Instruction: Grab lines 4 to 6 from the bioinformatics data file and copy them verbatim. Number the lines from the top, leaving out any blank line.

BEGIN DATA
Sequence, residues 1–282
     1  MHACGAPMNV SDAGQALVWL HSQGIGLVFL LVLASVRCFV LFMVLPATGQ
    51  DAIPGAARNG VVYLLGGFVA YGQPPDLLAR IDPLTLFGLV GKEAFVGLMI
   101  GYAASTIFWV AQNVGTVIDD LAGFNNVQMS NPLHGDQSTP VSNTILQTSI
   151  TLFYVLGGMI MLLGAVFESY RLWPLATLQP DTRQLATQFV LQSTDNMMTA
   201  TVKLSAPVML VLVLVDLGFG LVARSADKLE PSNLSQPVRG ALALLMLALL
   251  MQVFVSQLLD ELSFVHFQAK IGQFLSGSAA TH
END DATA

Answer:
   101  GYAASTIFWV AQNVGTVIDD LAGFNNVQMS NPLHGDQSTP VSNTILQTSI
   151  TLFYVLGGMI MLLGAVFESY RLWPLATLQP DTRQLATQFV LQSTDNMMTA
   201  TVKLSAPVML VLVLVDLGFG LVARSADKLE PSNLSQPVRG ALALLMLALL